We take a trip to Marie-Galante, a dependency of Guadeloupe and hence an overseas department of France. Well, actually we shall just taste a rhum from over there. However, the temperatures over here are also adjusting to what they are over there so we do indeed get some holiday vibes.
The Bielle Extra Vieux 2010 6YO was a special bottling for LMDW’s 60th anniversary. LMDW (La Maison du Whisky) is one of the largest French specialists in importing and distributing rare whiskies. Founded by Georges Bénitah in 1956, the family business’ first shop has been opened in Paris in 1968. Three more shops followed in Paris, plus another two on La Réunion and in Singapore in more recent times. In the 1970s, Georges became one of the first people to import Scotch to France. In the rum scene, the company became more important with the increased demand in Velier‘s bottlings as LMDW is not only the perhaps primary source for Velier’s rums but also the distributor for some of their releases. Today they also sell their very own selection of rums under the ‘Transcontinental Rum Line‘ label.
At the end of the 18th century, Bielle was a small sugar manufacturer that had several owners over the years. After its bankruptcy, it has been sold to Paul Rameau in 1940, whose family built the Creole house and the distillery, but didn’t take enough care of the latter so that it had to shut down eventually. Thirty-five years later, Dominique Thiery, a nephew of Rameau, took over the company and transformed the distillery during cyclone Hugo, which tore off the boiler’s chimney and gravely damaged the still. History certainly wasn’t easy on Bielle but it gradually progressed in terms of production techniques and is now likely to be the most advanced distillery on Marie-Galante. Its collaboration with Velier and Gianni Capovilla, a grappa producer, surely did not hurt either. Together, they experimented with new distillation and ageing techniques, one of which was to ferment the fresh cane juice without water for seven to ten days (!) and then double distilling it in a copper pot still. Even though these rhums are sold under a separate label (“Rhum Rhum”), Bielle probably learned a thing or two by watching. The Bielle branded products are diluted with rainwater, by the way.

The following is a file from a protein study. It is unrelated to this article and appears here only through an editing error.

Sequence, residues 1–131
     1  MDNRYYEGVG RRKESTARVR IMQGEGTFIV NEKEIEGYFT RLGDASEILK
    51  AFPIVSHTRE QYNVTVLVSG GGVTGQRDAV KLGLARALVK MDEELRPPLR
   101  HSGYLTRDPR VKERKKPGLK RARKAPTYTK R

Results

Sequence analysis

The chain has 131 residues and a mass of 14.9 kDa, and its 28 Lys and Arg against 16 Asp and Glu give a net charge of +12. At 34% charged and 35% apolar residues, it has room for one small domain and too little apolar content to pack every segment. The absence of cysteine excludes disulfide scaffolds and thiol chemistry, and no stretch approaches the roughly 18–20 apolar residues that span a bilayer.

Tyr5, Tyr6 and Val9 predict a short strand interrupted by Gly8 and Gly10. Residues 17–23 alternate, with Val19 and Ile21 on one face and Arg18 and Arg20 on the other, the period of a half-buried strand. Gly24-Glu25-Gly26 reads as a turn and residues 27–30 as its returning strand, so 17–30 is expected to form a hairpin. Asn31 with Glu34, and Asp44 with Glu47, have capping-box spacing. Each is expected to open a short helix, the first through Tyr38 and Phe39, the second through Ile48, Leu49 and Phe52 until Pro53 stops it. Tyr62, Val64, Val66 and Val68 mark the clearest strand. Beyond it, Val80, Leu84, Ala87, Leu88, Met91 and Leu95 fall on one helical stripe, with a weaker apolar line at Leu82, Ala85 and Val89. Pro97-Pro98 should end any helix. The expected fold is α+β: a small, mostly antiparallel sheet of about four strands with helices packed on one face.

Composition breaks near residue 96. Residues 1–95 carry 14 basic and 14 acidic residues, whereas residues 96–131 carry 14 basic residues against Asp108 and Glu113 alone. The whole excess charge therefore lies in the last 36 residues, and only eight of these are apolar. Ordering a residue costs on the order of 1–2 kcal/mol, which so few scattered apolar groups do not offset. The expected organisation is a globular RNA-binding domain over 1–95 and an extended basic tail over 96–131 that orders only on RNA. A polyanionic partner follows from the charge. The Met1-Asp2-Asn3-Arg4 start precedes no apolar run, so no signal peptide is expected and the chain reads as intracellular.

Dégustation “Bielle Extra Vieux 2010 6YO LMDW”
Key Facts: This 6YO Bielle has been distilled in 2010 on Marie-Galante and bottled for the 60th anniversary of LMDW at 56%. It is a small batch rum of four barrels.
Colour and viscosity: Deep gold. A thick crown emerges. The rum slowly flows back down in thick streaks. It’s very oily for a six year old, tropically aged rum.
Nose: Wow, this is intense! Fruitcake meets delicate, exotic fruits spread out over a field of cereal and grain. That’s the best way to describe it. There’s so much in here it is not even funny. Notes of honey, apricots and passionfruit meet rubber and tobacco. I haven’t had such a lovely, yet complex nose in an agricole for quite some time. I could sniff this all day long.
Palate: Blueberry muffins and cereal followed by plenty of oak and spices from the barrel. It’s getting a little bitter after a few seconds, further revealing cinnamon and other exotic spices. The fruits pop up here and there but don’t really want to come out of their hiding spot. Then the fruitcake. The rum is a bit thinner than you would expect at 56% but its flavour intensity kinda makes up for it. All in all, the palate unfortunately falls quite a bit short of the rum’s top-notch nose but that was almost to be expected.
Finish: Medium long and rather sweet with plenty of grain and apricots. A bit disappointing after the ride we’ve just been through.
What a nose! I might never finish my bottle just to be able to keep on sniffing (I’ve filled the remains into a smaller sample bottle, don’t worry :p). I really do like it a lot. It has some similarities with the Liberations but it is distinct enough to warrant its existence. I am a bit hesitant to recommend it since the palate is quite the drop-off from the nose, something we shouldn’t have at the rum’s asking price. Moreover, you should be familiar with Bielle’s products as they are not your typical agricoles I’d say. As always, the best option is to get a sample of course but I am afraid that the rum is now sold out anyways.
Other impressions: Serge had some similiarily odd associations but did not like it as much as me (I consider an 80 to be a low score in Serge’s world but then again, his score doesn’t really seem to match his impressions…). Johannes, whom you might know from his book reviews, thought this one was clearly the weakest in a Bielle cross-tasting. Perhaps I should be doing one myself.